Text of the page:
When you first bring your Boa home, you must allow it time to acclimate to your home, do not attempt to feed it during this period of acclimation. Feed your Boa Constrictor, a diet of quality mice and rats of the right size.
Corn Snakes Eat
Despite being named corn snakes, these serpents do not eat corn; they are given this name due to the pattern on their belly resembling corn kernels.
Corn snakes are not venomous but constrict the prey they hunt.
These snakes have a more varied diet. The infants can eat baby mice, as well as lizards and small frogs. Adult corn snakes eat birds and their eggs.
Mice are the most popular food to give pet corn snakes. Adults must eat once every seven to ten days.
Milk Snakes Eat
These snakes eat mice and rats in proportion to their size.
Do not feed animals that are bigger than the widest part of your milk snake. If animals are bigger, these snakes will struggle to digest their food correctly.
Young milk snakes must eat once every five days, whereas adult milk snakes must eat once every ten days.
Remarkably, snakes are perhaps the only reptile without a herbivorous species.
So back to our original question as to whether snakes eat fruit; we know for sure, they do not nor should not.
As an owner, do not attempt to give any species of snake fruit, it will not do them any good and in fact, can be dangerous to do so.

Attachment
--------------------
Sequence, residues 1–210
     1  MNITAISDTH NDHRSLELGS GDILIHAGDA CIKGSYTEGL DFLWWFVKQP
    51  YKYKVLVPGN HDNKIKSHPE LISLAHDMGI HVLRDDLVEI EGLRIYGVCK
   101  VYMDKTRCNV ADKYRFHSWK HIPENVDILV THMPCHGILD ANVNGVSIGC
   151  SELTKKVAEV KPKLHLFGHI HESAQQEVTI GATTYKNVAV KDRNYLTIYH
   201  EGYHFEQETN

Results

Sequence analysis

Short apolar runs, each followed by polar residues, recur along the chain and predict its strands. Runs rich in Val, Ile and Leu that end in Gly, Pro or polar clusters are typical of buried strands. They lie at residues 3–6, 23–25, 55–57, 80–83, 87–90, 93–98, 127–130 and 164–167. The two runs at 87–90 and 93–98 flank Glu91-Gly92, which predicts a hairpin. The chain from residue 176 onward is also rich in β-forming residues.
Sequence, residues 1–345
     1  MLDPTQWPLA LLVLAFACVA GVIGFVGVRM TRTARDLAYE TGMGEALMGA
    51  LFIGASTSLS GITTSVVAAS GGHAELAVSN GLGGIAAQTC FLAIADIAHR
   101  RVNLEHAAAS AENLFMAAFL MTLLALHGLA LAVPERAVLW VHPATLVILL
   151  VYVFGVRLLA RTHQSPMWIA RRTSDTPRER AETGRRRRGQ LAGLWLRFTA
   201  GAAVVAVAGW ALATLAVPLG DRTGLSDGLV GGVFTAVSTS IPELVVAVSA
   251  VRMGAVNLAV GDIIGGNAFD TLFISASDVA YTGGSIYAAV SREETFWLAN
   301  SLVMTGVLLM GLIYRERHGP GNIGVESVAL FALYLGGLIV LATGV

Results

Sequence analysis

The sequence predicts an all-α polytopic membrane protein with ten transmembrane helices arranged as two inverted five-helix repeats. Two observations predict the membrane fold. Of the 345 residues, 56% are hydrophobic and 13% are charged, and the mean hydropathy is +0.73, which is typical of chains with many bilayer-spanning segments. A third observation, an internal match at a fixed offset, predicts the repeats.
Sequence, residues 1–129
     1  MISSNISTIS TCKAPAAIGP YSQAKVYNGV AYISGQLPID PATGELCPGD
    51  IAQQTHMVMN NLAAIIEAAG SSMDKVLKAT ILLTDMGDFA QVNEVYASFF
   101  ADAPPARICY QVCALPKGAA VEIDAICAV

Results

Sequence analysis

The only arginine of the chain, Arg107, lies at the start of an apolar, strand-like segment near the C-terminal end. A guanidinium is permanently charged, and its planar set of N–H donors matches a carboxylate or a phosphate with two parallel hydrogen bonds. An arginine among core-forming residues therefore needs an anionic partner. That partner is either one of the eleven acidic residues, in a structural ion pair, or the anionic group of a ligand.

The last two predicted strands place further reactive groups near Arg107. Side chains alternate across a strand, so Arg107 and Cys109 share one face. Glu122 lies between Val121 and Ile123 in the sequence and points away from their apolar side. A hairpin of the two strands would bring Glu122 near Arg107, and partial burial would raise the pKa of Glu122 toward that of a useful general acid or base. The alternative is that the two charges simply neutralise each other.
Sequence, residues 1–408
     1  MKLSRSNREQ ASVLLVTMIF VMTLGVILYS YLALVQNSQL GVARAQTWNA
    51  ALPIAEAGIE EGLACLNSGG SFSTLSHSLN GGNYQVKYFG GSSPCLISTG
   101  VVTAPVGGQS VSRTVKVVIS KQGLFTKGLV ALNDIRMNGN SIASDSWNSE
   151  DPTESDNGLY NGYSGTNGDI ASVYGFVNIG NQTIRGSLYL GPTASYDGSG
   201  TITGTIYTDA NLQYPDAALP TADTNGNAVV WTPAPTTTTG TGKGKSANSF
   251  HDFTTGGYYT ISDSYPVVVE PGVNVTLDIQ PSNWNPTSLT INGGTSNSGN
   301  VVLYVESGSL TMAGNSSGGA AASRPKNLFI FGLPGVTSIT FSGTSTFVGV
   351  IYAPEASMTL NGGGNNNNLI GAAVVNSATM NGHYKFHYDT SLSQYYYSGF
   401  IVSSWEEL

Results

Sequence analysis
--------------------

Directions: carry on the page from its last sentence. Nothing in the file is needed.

Snakes eat meat; they need meat and only meat.
In the wild, serpents devour their prey alive and whole.
In captivity, you must not feed live animals as snakes could be harmed dead and frozen animals are available commercially and are suitable for your pet’s nutritional needs.
While most of us can’t resist a sweet apple or pear, and many animals love to eat fruit, snakes are just one of those species of animal that simply can’t. They have no natural instinct to do so anyway so do not fear that they are missing out!
Snakes cannot nor should not eat apples. They are not naturally inclined to want to consume apples, nor do they have the digestive capabilities in order to effectively do so.
There are no species of snake that eat plant matter or material. All species of snake are strictly carnivorous.
Are you wondering what else snakes do and can eat? Then check out my other guides below:
- Do Snakes Drink Milk? [Do Mother Snakes Even Produce It?]
- Do Snakes Eat Fish? [Can They, Would & Should They Eat Them?]
- Can Snakes Eat Eggs? [The Answer Will Surprise You!]
I am an experienced pet owner with decades of experience owning a number of different pets, from traditional pets like dogs and cats, to the more exotic like reptiles and rodents. I currently own a Cockapoo (pictured) called Bailey. I am also the main writer and chief editor here at Pet Educate; a site dedicated to sharing evidence-based insights and guidance, based on my vast pet ownership knowledge, experience, and extensive research.